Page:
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Publishers WeeklyStarred Review.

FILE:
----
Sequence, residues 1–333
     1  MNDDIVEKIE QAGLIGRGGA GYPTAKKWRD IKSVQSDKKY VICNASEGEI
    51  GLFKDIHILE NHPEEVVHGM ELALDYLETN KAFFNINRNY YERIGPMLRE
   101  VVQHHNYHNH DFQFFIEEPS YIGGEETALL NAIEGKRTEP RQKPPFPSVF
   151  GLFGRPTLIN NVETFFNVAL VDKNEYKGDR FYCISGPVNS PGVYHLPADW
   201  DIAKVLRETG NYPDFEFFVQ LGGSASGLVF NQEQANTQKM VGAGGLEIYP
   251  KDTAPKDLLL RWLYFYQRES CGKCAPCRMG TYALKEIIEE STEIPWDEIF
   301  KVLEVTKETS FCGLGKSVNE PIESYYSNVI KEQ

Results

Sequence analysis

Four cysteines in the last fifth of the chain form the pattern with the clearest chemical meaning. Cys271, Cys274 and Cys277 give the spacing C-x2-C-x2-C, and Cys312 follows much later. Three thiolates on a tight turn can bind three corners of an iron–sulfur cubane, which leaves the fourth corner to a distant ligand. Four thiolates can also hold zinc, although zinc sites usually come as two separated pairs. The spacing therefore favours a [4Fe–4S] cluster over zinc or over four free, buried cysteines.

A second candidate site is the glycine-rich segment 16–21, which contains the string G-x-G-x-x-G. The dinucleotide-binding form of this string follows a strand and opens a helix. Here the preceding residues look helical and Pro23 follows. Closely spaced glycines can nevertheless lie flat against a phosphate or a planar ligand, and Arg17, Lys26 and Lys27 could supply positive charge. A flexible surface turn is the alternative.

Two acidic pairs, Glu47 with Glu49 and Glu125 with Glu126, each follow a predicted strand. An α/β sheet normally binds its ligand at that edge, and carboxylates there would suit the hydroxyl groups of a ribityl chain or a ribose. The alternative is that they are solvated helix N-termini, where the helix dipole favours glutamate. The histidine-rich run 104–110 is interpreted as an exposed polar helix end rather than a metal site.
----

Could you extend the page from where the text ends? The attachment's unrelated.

Weschler, as an art scholar and staff writer for The New Yorker, had the opportunity not only to observe David Hockney's artistic progress over 30 years, but to maintain a personal, decades-long dialogue with the multi-talented artist. Hockney's quest for the perfect perspective has led him to test the limits of painting, photography and photo-collage; he believes that Cubist paintings come far closer than photography to reproducing the perspective of the human eye, leading him to experiment with photography through a Cubist lens and, later, to stage-designing and directing for the opera (Weschler describes his Tristan and Isolde as "Beethoven meets Matisse"). Hockney is a fascinating and surprising character, claiming that the stakes are no less than "the utter subversion of the tyrannical hegemony of traditional one-point perspective," but also grounded enough to declare, "if art isn't playful, it's nothing." The mutual fondness between author and subject comes through in long passages from Hockney detailing his ever-evolving process, the importance of Cubism and other digressions that would test the patience of less confident or invested interviewers; thankfully, Weschler rewards his readers with lengthy quotes, an overwhelming wealth of knowledge and a lively narrative style. 100 b&w illus., 60 color photos.
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